Republic of Mathematics blog

A clutch of mathematical Haiku

Posted by: Gary Ernest Davis on: April 5, 2011

I’m hoping that teachers of mathematics, and their students, will be inspired to write a few Haiku describing life in the mathematical world.

Inspired by the following excellent (non mathematical) Haiku of Colin T. Graham (@ColinTGraham):

Occluding stratus,

Trees shivering in the wind.

And yet, there is green.

I decided to chance my arm at a mathematically-oriented Haiku:

Statistics in Spring.

Finding goodness of a fit,

Chi-squared small, good!

It caught the attention of Dime Arale (@Norii_xD) who re-tweeted it.

I looked around to see if there were examples of mathematical Haiku on the Web, and perhaps even a genre of mathematical Haiku.

To my surprise I found quite a few examples.

Here’s a clever bunch from Damiel Matthews: Mathematical_Haiku_Daniel_Matthews_2004

Here are some focussing on programming, from the site of Tim Davis:

Floating in number,

result of add off by eps :

bit of summer err.


Variant (2010):

Floating in number,

An adder is off by eps :

bit of summer err.


Etrees in autumn,

elm and yew leaves are falling :

L and U fill-in.


Two coders at sea,

for pair programming extreme ;

C shanties they sing.


A summer blessing :

May descendents multiply,

non-transitive life.


Land-lubbers set sail,

C coding in mexFunction :

MATLUBbers at C.


Here’s another bunch in Haiku style by J. L. Alperin, reflecting on a mathematical life:

Referee’s Report

Beautiful theorem

The basic lemma is false

Reject the paper


Oral Exam

Questions like arrows

I give proofs, like swatting flies

Then smiles, all around


Fermat’s Last Theorem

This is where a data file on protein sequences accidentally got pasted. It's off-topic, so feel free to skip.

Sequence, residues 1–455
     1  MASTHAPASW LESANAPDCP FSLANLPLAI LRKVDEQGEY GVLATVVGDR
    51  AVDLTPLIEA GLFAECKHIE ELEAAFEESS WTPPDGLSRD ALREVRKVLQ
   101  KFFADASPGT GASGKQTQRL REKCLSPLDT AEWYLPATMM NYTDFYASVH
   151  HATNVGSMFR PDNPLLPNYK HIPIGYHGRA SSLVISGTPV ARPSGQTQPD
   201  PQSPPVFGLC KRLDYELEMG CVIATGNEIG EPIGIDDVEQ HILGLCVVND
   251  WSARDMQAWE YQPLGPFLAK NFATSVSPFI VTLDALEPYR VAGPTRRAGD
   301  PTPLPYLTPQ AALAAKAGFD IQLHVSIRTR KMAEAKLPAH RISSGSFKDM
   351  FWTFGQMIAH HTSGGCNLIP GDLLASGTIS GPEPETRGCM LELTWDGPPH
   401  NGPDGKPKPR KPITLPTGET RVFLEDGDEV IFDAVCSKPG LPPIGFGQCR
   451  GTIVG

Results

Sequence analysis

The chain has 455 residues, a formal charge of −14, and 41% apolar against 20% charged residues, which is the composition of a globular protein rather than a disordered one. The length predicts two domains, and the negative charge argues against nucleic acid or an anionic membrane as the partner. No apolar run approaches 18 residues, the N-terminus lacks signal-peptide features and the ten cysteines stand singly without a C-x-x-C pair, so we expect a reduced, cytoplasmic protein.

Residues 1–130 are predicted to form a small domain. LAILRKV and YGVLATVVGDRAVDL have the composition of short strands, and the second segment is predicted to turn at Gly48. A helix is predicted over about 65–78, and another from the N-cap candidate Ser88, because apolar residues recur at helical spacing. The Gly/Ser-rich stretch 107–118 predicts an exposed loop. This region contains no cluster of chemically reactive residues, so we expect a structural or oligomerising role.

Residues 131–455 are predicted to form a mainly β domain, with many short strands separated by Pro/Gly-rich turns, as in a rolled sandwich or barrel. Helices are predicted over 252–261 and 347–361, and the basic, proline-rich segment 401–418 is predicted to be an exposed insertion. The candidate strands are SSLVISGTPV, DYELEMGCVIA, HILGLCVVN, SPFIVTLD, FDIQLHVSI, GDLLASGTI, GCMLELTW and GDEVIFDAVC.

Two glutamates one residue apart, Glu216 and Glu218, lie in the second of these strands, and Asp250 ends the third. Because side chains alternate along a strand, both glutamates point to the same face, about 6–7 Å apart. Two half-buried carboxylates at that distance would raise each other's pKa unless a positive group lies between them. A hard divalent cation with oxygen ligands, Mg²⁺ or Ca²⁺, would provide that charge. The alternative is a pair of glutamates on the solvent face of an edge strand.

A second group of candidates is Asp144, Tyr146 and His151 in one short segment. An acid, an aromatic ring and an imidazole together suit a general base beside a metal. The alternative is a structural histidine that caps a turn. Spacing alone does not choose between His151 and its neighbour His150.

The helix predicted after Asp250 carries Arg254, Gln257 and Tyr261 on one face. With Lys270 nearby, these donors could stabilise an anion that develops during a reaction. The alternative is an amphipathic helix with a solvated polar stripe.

A marginal note

Enigma for centuries

A theorem of Wiles



Eighteen families

Twenty-six sporadic groups

All the simple ones

Typically a Haikai verse (plural Haiku) consists of 3 phrases, with 5, 7, and 5 sound units (mora) repectively. Haiku often contain a seasonal reference, and a cutting word that contrasts two situations.

Commonly, English language Haiku form has the following characteristics:

  • Use of three (or fewer) lines of 17 or fewer syllables;
  • Use of a season word (kigo);
  • Use of a cut (sometimes indicated by a punctuation mark) paralleling the Japanese use of kireji, to implicitly contrast and compare two events, images, or situations.

If you have a mathematically-oriented Haiku you would like to share, please add it to the comments.

5 Responses to "A clutch of mathematical Haiku"

This post is about
mathematical haikus
counting syllables


How about some limericks? My fav:

‘Tis frequent desire of mine,
A new value of pi to define
I would fix it at 3,
For it’s easier you see,
Than 3.14159.

(I never was into haiku.)

Achh! Bon, it is, as you say, a Limerick – different country, different form.

How to translate it to Haiku?

How about:

My desire for pi,
Change 3.142,
To easy 3!

Oh no! I’ve created a monster!
Thanks for the mention, Gary. Glad it inspired something….

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